Headlines from the centennial! – A sequel (II)
Here we go with more headlines from the Istanbul press in the year 2023:
- Turkey’s Supreme Islamic Scientific Committee has announced that its scientists have successfully developed an Islamic bulb which refuses to switch on if it senses alcohol within 25 meters. The committee said the invention would be nominated for the Islamic Nobel prize in physics.
- A major in the Turkish Army has appealed to the European Court of Human Rights for having been expelled from service because his wife does not wear the Islamic headscarf. The court refused to examine the complaint on the grounds that Turkey had ceased to be a member of the European Council in 2019.
- A probe into the errant bombing of Diyarbakır by Turkish fighter jets which killed 348 locals in January found that the tragedy had happened because of an Israeli conspiracy. The Homeland Security Department said it had arrested 26 more Israeli spies over the past week in connection to the plot, including five wild geese, seven dolphins, three falcons and 11 bluefish. An official said: “All of the suspects carried special tags that read ‘Israeli spy.’”
- Turkey and the outlawed PKK announced that they decided to hold their 276th round of secret peace talks in Kingston, Jamaica. A joint statement read: “We had been quite weary of the cold and depressing weather in Nordic countries.”
- The Turkish Parliament released a communiqué threatening all 164 parliaments across the world that have recognized the Armenian genocide. It said: “We will have no alternative but to resort to fully using our global superpower capabilities in retaliation.” The only response came from Vanuatu’s Parliament, which said: “We are not afraid.”
- President Recep Tayyip Erdoğan has praised the new democratic reform package in Saudi Arabia which allows women to drive if they are accompanied by at least four male members of their families.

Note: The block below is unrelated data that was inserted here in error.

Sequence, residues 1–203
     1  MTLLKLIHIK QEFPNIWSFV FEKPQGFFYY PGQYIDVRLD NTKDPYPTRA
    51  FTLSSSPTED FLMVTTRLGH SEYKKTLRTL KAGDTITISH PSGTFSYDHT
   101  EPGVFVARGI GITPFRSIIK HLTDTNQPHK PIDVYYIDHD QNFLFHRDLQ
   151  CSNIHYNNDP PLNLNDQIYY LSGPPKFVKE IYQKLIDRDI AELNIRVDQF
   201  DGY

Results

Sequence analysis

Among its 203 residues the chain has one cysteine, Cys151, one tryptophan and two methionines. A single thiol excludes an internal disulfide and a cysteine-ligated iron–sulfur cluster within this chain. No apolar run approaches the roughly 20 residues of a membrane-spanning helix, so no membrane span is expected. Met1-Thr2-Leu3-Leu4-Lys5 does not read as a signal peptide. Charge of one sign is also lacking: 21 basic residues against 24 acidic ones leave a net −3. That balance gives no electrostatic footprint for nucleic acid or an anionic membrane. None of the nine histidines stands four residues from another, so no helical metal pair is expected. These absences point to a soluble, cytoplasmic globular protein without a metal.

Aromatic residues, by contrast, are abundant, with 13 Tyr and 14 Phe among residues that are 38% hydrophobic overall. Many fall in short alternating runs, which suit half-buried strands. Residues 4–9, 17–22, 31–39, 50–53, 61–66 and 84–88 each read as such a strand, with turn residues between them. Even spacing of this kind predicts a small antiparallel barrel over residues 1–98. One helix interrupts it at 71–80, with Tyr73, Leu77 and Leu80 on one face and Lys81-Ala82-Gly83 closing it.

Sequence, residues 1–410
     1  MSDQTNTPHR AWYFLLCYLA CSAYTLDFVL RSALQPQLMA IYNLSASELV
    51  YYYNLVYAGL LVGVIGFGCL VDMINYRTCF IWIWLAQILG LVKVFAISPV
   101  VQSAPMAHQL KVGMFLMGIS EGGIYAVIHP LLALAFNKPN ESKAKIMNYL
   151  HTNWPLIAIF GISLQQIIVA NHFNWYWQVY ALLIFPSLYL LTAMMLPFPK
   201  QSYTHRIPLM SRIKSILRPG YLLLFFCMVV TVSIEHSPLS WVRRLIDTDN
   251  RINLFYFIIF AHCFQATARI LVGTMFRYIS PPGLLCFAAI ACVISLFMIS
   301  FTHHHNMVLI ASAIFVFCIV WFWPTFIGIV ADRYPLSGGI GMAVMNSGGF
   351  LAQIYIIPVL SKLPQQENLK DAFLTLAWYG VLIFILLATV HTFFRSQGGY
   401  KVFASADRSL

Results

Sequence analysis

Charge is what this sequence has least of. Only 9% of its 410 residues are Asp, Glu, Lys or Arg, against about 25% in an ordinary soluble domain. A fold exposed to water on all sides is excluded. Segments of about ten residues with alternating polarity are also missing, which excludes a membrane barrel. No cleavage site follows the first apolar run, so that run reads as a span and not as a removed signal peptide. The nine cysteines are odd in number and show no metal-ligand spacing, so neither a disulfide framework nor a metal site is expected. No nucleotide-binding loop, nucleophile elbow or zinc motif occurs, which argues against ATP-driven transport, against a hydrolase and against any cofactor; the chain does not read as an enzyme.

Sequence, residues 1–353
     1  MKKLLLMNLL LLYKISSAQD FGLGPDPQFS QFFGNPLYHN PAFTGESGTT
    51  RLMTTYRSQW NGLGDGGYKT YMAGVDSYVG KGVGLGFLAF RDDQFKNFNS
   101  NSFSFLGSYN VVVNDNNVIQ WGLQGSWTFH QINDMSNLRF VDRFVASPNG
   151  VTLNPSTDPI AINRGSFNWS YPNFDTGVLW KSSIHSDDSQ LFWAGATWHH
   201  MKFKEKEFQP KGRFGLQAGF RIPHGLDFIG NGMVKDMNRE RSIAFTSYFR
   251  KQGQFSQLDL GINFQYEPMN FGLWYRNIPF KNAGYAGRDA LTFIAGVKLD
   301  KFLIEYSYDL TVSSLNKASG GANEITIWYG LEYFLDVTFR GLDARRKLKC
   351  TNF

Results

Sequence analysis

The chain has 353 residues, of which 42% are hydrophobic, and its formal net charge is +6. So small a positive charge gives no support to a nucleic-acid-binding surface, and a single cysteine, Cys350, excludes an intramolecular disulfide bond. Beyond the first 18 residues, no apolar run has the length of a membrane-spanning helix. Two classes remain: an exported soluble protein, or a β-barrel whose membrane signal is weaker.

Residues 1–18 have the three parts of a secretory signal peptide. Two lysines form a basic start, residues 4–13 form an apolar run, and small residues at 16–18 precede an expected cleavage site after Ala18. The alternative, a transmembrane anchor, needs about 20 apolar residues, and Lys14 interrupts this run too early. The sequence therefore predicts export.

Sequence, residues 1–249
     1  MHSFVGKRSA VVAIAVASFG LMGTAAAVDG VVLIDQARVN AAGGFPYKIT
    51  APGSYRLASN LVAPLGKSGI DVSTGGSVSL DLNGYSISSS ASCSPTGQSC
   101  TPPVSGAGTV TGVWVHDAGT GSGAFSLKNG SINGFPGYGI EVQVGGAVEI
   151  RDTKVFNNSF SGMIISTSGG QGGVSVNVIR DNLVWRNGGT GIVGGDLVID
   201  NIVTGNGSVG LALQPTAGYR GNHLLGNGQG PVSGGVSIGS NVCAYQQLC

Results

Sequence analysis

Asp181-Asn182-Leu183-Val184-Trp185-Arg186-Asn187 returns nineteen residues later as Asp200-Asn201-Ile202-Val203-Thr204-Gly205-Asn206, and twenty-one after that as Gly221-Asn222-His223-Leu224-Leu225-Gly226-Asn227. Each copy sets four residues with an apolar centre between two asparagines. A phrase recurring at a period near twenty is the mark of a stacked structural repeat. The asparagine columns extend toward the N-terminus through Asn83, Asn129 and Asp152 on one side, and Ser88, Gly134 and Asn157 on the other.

- Islam, the Quran and the Life of Prophet Muhammad has been introduced as a compulsory course in all university departments. Some academics objected that the new regulations could hinder a scientific curriculum as a student of mechanical engineering would now have to study Islam for more hours per week than mathematics.
- After Mey Gida, an alcoholic beverages producer, applied to the tobacco and alcohol watchdog to obtain a license for its brand-new product, alcohol-free rakı, a food processor has applied to the authorities to win a license to produce pork-free bacon.
- Human rights organizations criticized the Turkish government for systematically abusing and intimidating female government employees who don’t wear the Islamic headscarf. A spokesman for the government replied that: “The accusations are totally baseless. On the contrary, we think we deserve praise for trying to help the non-pious employees find the right way and reach salvation.”
- The police have reported that during the holy month of Ramadan this year a total of 329 people across Turkey were caught red-handed while publicly chewing gum and smoking. The police said the suspects were arrested after having admitted guilt, although 326 of them said they were only visiting tourists from Britain, Russia, Japan, Italy, Spain, Canada and India. Two of the suspects were found to be Alevi Turks and one was an Azerbaijani national.
- Ankara has threatened to take retaliatory action unless Libya, Tunisia and Egypt agreed to take Turkey as a role model for democracy in their respective countries.
- The Supreme Board of Moral Values has decided to ban a new list of 26,450 books on the grounds that they could lead to a collapse of public order. The banned books include best-sellers like “Harry Potter and the Deathly Hallows,” “The Adventures of Pinocchio,” “Gone with the Wind,” “1984,” “The Godfather,” “Jaws,” “Don Quixote,” “Tarzan,” “Bridget Jones’ Diary,” as well as Bill Wilson’s “Alcoholics Anonymous Big Book,” Dante’s “Divine Comedy,” “The Oxford Advanced Learner’s Dictionary” and Dale Carnegie’s “How to Win Friends and Influence People.”